THE WHITE WINES OF RIOJA ALAVESA
THE GOSPEL ACCORDING TO SEÑOR PEÑIN
Once again the Costa News sent me packing for my biennial trip to Barcelona for the excellent Alimentaria wine and food fair towards the end of March, proving our commitment to keeping our readers informed about the Spanish wine scene. Although smaller than previous years owing to the financial crisis and some dreadful planning on somebody’s part as there was a clash with ProWein, the major German wine fair, Alimentaria was still huge!
For a wine anorak/investigative journalist like myself it was really fascinating – the more so when I managed to fit into my itinerary a tutored tasting led by Señor Peñin, of the internationally famous Spanish wine guide, the Peñin Guide, which is often referred to in Cork Talk.
The title of Señor Peñin’s talk was The White Wines of Rioja Alavesa – at first the idea quite surprised me. In truth, although it’s not admitted up in the hallowed pastures of La Rioja, white wine is really an after-thought. The autonomous region of La Rioja is red wine country, some of it the finest that Spain can produce.
White wine is mostly made for cash flow. Yes there are some whites that deserve recognition and are more enjoyable than just the ordinary, but it’s no surprise to see, in fact in the Peñin Guide, that there are only two white wines mentioned in the top 30 from the region.
So why a tasting specifically about white wines from one of the three areas of La Rioja? Well, readers of last week’s article will know that in my opinion this was probably a deliberate attempt to fight the corner for traditional white Rioja in the face of attack by some upstarts who insist on making white wine only in the same area, and on using unapproved varieties!
However I entered the tasting with a clear and open mind. Señor Peñin can teach me a thing or two, I know. His presentation was erudite and articulate; he was very professional, and he’d done his homework, although I’m sure many of the facts are stored in his wine brain anyway. I listened and learned, anxious to try the wines he had lined up for us.
The first was Polus Blanco 2009, Bodegas Loli Casado. Made from 100% Viura, the favoured grape variety of the region, but not by me as in the past I’ve found is lacking in character. The vineyards are 70 years old so if they can’t make a wine with personality then I doubt Viura can. Señor Peñin found a touch of pineapple, of tropical fruit with a citrus element too. Me? Well search as I did, and open-mindedly too, I could stretch a point and say that there may just have been a touch of grapefruit. Sorry Señor, I’m not convinced.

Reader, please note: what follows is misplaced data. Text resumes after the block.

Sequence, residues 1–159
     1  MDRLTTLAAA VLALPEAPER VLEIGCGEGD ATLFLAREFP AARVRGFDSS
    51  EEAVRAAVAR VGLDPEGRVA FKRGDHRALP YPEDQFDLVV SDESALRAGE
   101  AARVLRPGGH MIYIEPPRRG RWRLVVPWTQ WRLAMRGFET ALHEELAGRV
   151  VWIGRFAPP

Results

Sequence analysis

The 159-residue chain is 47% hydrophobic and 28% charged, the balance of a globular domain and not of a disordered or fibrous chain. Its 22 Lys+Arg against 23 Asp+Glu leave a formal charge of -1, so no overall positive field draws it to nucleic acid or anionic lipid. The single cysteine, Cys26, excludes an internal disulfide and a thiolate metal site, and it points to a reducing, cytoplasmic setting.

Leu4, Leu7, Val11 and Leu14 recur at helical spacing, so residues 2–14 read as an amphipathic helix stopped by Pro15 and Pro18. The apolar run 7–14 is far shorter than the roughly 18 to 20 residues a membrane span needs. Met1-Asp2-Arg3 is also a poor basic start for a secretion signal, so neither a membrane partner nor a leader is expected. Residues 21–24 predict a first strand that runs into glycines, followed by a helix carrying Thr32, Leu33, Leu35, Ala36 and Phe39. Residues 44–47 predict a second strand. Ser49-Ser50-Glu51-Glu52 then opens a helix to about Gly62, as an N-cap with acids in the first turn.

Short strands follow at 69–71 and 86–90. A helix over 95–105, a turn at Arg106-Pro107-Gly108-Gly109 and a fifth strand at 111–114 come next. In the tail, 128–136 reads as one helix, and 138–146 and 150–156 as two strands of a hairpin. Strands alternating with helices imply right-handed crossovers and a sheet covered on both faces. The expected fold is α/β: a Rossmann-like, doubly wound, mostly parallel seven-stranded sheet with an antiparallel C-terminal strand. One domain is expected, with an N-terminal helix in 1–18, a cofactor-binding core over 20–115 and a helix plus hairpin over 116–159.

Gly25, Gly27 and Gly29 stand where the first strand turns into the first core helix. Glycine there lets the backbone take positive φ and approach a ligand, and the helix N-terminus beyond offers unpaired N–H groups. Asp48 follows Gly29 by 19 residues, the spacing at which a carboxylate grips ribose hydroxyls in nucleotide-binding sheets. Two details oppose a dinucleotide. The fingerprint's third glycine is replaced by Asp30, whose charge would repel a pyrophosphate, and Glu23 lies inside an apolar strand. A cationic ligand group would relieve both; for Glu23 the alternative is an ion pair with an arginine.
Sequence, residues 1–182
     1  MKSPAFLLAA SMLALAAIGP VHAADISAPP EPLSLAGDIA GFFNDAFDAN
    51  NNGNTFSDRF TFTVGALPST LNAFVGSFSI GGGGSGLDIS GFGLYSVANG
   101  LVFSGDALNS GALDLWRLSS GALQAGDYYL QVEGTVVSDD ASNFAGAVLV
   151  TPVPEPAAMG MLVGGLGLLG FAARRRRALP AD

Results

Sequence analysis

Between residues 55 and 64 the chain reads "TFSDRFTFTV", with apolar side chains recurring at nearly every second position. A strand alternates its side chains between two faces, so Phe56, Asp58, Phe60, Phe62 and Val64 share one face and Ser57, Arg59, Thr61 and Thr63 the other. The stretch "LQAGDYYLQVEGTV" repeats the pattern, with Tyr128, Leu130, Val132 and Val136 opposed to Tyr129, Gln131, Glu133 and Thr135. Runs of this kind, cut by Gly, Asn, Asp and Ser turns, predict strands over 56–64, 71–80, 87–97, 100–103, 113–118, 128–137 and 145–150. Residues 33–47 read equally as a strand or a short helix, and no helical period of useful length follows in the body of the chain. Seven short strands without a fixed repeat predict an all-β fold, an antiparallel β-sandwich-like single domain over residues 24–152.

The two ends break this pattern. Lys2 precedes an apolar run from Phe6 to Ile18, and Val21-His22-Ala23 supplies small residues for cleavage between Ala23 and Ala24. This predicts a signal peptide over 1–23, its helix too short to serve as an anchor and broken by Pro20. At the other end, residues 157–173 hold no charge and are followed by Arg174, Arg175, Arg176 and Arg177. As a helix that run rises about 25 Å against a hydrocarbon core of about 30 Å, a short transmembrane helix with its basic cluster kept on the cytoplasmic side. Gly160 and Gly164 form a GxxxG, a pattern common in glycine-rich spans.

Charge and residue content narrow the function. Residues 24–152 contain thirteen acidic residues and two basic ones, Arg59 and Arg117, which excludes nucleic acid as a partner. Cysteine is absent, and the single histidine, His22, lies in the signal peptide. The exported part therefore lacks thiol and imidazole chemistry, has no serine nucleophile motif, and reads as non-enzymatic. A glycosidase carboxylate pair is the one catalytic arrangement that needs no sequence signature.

Next Ostatu Blanco 2009, Bodega Ostatu, 90% Viura and 10% Malvasia. This had a touch more acidity and citrus on the nose and palate and was slightly paler in colour (in other words like water!). For me the Malvasia helped the wine, giving it a little more flavour that the former, but I couldn’t find any tropical fruit again and not the ‘dry river bed minerality’ referred to by our host.
The Erre Punto Blanco 2008, Bodegas Remirez de Ganuza, less Viura, 60% and the rest Malvasia with 6 months in oak. On first hit there was a pleasing Crême Fraîche flavour. The oak has benefited the wine but I don’t go along with the 5 years longevity Señor Peñin suggests and would ask why keep it anyway? I couldn’t find the herbs he was talking about either.
Valserrano Blanco FB 2008, from Bodegas y Viñedoa de la Marquesa has only 5% Malvasia but was fermented in oak and left for 6 months. The more golden colour promised better things and on first taste there was a touch of honey, but this was immediately swept away by fresh slightly citrus acidity. Again it didn’t work for me.
The final wine was one of which I expected great things – there was no Viura in it! In fact it’s an eclectic blend of actually unauthorised grape varieties – Moscatel, Garnacha Blanca, Viognier, Chardonnay, Roussane, Marsanne and Petit Courbout (about which I, and Señor Peñin, are totallyignorant).
Also this brew has had 16 months in oak, for me a little too long. There’s so much fruit and herb flavour in there it’s a shame to mask it with wood. It was the best wine of the bunch, and if it had been representative of the wines of the area, I’d be buying Rioja whites often – but it isn’t, and I don’t!